Across the ideological spectrum these days, there is fear that America is in decline — that we are falling behind rising powerhouses like China. This anxiety is somewhat misplaced, however, because our success is actually tied to theirs: We need healthy foreign markets if we are to grow by exporting.
But we also need those foreign markets to play by the same rules we do, and it is on this point that there is real cause for concern.
The plight of the software industry, which is led by U.S. companies, illustrates the problem. A record $59 billion worth of software programs for personal computers were pirated last year, 14 percent more than in 2009, and the run-up has been driven by the rapid growth of the PC market in emerging economies where piracy rates are highest, according to a newly released analysis by the Business Software Alliance.
In other words, emerging economies aren’t buying U.S. software products; they are stealing them. That has broad implications for the U.S. economy, not just the software industry, because software is an essential tool of production for businesses of all sorts. When companies in places like China pirate software, they are often stealing tools from one U.S.-led industry to compete against other U.S. industries. And by dodging capital costs, they are gaining an unfair advantage that undermines legitimate product sales and imperils job creation in companies that buy all their software legally.
It has long been assumed that piracy is widespread in emerging economies because people in those countries lack respect for the intellectual property rights that give innovators control over how the products they develop are sold. But that turns out not to be the case. There is in fact overwhelming support around the world for the basic proposition that developers of new technologies should be paid for them, because it creates an incentive for further advances. More than seven in 10 people in emerging economies hold that view, according to surveys of approximately 15,000 computer users in 32 countries, conducted as part of the Business Software Alliance study.
Large majorities of people around the world also see themselves as direct beneficiaries of intellectual property rights. For example, six out of 10 believe intellectual property creates jobs and improves local economies. And yet software piracy is rampant in emerging economies: Four out of five programs installed on PCs in China last year were unlicensed. In Indonesia, it was almost nine out of 10. In Russia, it was two out of three. This was the case even though eight out of 10 people say they prefer legal software to pirated software, because legal software is more reliable and secure.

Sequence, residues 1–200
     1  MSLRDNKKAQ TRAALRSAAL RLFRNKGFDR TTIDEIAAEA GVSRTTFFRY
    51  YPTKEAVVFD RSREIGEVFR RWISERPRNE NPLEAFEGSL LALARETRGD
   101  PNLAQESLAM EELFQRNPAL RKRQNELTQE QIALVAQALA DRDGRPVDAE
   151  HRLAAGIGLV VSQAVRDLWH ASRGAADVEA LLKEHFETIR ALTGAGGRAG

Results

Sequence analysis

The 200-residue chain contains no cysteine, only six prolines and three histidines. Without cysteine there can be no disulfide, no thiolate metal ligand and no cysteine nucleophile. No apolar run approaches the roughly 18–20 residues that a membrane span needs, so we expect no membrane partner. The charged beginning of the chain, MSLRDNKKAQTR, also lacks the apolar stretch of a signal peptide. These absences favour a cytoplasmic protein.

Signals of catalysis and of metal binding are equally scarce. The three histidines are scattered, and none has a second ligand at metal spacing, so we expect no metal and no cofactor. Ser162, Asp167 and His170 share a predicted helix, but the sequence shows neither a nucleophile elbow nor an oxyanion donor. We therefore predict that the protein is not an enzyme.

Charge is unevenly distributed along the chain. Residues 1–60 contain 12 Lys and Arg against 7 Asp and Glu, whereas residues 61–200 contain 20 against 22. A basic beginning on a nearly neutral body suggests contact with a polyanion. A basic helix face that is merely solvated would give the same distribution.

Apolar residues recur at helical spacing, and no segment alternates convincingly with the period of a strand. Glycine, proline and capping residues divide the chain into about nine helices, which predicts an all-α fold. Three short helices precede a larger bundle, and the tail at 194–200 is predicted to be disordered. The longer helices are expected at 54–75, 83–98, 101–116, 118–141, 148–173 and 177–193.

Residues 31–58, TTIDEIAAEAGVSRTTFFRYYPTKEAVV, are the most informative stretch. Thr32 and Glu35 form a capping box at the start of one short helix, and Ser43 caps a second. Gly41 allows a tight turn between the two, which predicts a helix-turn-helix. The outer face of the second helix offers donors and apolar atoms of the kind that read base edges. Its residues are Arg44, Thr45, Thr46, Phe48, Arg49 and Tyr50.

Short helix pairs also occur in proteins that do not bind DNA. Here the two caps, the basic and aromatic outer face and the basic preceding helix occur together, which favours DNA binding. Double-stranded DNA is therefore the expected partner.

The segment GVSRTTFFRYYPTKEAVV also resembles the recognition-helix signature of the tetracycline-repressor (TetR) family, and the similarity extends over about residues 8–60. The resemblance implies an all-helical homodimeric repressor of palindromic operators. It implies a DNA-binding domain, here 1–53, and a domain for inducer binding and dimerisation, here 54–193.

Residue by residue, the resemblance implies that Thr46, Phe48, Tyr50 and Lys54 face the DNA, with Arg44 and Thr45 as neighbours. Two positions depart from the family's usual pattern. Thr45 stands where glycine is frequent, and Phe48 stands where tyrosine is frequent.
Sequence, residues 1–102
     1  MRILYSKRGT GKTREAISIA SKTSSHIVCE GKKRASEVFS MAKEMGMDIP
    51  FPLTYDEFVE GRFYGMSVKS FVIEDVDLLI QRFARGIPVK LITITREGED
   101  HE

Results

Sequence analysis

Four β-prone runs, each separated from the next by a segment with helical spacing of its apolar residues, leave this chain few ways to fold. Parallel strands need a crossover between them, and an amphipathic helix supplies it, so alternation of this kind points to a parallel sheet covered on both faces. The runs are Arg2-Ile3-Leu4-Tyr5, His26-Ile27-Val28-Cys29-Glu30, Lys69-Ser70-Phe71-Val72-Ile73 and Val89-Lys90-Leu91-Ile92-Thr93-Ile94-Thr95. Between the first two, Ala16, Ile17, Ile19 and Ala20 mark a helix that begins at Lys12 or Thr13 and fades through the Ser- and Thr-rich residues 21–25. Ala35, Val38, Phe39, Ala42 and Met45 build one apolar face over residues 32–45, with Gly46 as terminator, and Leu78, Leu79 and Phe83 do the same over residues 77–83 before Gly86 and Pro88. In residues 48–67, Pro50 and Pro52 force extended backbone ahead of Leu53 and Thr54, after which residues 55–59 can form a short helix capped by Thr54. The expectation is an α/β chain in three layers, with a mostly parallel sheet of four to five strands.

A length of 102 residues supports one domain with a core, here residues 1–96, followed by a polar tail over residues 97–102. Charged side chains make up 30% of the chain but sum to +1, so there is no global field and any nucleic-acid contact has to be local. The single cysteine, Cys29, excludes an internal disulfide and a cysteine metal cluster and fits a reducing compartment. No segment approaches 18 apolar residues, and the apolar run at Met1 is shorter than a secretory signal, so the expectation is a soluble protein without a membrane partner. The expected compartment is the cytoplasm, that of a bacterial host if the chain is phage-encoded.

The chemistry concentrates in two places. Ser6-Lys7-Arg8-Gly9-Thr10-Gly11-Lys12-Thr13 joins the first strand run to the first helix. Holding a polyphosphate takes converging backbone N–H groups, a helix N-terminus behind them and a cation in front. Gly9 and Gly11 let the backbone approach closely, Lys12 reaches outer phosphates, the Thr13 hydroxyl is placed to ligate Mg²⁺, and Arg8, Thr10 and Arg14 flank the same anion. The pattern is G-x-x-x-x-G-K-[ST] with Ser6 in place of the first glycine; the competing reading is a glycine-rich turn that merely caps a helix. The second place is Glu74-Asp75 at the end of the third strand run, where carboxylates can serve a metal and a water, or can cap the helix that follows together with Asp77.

What is the explanation? One big factor appears to be that too many people are not aware they are stealing software. For example, the most common way of pirating software is to buy a single license for a program and then install it on multiple computers. In an enterprise setting, this can quickly add up to hundreds or even thousands of illegal copies. So it is especially jarring that surveys find 51 percent of business decision-makers in emerging economies wrongly believe the practice is lawful in offices.
The software industry tries mightily to bridge this awareness gap with public education initiatives, training programs for IT professionals, technology solutions, and other means. But none of this is enough; governments need to ratchet up their efforts, too. They should send stronger deterrent signals to the marketplace with more vigorous enforcement of intellectual property laws, and they should lead by example through better purchasing and management practices in their own operations.
Lower piracy in emerging markets will bring increased sales and exports for U.S. software companies. It also will benefit local IT economies in countries that curb the theft, because it will spur legitimate business activity for software retailers, distributors and service providers. Even beyond those direct benefits, it will correct a competitive imbalance in the broader marketplace — and deliver on the promise of intellectual property rights, which people around the world overwhelmingly support.
Robert Holleyman is president and CEO of the Business Software Alliance.